There is nothing made in America for sale in Saigon. Try as I could in an expanded box search on foot for 3 hours before the noonday heat drove me into a hole in the wall cafe – I could find nothing. Now to be fair, Proctor & Gamble, Kimberly Clark and Colgate are there – licensed products from local factories. Middle class moms (and dads) learn plenty quick the convenience of Huggies and Pampers.

A great city, full of vital energy and one way to busy to worry about the past. And everywhere, signs advertising businesses to “Improve your English – get a better job!”


3 comments to #1 Son of “The Eyes” – Revisits Saigon

  • frank

    Very intersting!
    When Saigon Kids get together in Saigon in March (2009), do you (or your brother) have a suggested, must do kind of thing(s)? Frank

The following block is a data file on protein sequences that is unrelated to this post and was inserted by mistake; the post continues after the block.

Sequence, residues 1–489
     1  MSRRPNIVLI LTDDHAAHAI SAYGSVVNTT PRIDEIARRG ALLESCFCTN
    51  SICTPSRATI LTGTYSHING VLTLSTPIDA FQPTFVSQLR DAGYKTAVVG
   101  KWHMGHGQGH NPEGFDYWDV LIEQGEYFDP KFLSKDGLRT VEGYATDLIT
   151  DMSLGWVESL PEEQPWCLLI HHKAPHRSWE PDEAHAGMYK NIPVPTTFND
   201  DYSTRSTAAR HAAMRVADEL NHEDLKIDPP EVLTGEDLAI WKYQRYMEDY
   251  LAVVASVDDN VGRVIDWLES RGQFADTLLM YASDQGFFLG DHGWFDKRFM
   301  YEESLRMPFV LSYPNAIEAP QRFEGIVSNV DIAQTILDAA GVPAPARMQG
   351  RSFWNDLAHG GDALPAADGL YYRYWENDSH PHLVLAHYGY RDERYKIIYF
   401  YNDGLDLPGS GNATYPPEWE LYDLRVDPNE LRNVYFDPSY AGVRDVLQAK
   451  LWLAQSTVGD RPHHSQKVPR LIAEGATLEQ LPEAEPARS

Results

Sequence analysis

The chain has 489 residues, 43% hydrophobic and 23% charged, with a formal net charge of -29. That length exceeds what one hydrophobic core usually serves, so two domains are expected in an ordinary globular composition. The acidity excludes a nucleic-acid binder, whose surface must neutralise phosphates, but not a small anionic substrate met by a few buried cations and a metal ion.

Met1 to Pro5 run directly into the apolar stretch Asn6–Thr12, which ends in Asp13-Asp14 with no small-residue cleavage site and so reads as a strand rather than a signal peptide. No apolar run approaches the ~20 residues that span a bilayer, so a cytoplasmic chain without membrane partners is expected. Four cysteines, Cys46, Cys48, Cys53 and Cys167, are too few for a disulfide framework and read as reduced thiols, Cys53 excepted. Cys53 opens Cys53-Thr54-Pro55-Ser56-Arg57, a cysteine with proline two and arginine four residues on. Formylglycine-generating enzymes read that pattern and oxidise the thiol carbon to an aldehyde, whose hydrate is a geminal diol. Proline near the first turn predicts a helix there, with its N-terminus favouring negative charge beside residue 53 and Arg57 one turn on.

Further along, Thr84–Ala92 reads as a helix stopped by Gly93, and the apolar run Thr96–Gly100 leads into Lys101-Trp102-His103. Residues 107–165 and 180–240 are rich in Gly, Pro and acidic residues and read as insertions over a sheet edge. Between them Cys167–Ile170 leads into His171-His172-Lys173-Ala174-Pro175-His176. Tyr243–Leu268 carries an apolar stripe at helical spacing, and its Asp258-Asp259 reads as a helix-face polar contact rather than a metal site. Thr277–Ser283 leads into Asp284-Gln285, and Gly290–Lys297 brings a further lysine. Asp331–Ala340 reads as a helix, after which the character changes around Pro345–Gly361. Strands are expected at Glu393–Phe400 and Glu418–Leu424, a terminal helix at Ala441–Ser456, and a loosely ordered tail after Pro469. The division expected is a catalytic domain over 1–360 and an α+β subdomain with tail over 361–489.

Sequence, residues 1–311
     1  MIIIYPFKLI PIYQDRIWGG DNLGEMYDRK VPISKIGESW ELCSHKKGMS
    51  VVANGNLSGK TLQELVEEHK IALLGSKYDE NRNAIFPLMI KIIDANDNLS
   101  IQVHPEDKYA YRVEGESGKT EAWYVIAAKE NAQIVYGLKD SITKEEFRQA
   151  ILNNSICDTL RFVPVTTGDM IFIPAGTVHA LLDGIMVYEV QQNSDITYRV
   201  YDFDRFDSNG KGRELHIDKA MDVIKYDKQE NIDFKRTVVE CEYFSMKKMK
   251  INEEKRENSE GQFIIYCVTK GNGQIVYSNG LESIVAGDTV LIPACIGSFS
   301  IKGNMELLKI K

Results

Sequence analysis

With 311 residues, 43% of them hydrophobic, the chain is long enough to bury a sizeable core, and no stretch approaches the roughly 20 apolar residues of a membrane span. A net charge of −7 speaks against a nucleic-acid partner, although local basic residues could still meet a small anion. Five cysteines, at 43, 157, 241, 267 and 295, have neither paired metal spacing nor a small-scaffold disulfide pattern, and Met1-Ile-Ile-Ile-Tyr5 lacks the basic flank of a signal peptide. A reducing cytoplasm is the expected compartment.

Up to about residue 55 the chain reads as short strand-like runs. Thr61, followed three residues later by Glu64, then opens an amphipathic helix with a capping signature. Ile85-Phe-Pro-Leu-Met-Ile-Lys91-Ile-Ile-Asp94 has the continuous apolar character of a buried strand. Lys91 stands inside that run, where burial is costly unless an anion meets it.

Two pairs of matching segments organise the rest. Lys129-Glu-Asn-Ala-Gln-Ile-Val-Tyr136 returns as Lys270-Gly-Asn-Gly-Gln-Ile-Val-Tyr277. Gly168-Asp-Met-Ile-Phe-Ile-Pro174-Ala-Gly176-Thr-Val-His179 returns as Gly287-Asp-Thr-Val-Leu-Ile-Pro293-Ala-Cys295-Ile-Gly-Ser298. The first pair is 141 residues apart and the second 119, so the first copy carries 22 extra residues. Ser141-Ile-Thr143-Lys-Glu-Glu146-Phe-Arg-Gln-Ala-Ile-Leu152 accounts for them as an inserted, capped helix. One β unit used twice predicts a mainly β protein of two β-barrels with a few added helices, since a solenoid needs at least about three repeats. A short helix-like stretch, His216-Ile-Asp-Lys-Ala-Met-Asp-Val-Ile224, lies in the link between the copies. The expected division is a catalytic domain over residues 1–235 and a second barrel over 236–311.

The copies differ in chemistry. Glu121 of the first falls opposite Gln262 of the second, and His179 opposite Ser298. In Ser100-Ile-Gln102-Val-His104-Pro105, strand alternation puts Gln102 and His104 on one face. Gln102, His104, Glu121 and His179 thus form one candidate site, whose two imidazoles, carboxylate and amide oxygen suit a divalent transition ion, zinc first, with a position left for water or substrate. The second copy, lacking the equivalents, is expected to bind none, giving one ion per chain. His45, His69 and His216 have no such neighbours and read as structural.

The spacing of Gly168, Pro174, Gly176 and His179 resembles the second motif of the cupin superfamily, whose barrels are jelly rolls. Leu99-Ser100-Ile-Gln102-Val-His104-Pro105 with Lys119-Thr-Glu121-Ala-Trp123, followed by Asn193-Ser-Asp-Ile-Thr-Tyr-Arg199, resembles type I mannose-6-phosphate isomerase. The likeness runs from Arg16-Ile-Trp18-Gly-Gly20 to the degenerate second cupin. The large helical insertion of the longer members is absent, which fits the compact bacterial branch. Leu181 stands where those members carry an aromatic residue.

• Admin

    Frank … you didn’t ask me, but I’ll suggest anyway … LOL … ya might want to consider a “Water Tower” party as a MUST DO for the reunion. Ya know knida like a tail gate party but on top of the water tower. Heck, you could even do a re-enactment (for the good ole’ days) … a couple guys could hold you by the ankles as you dangled upside down ‘repainting’ “The WORD” of Saigon Kids … HA HA HA! 🙂

    Of course, we want to see a ‘direct feed’ video of this on the Blog … 🙂

    Just a friendly suggestion to keep you from getting bored while in Saigon … lol


  • Bon Jour,
    This is my first visit to this website and myriads of memories came flooding back. The congested thorofares, markets ablaze with color, with smells and customs far too difficult to describe. But I can describe one memory as permanent as the jungles nearby hiding tigers, which roaming in the distant mountains.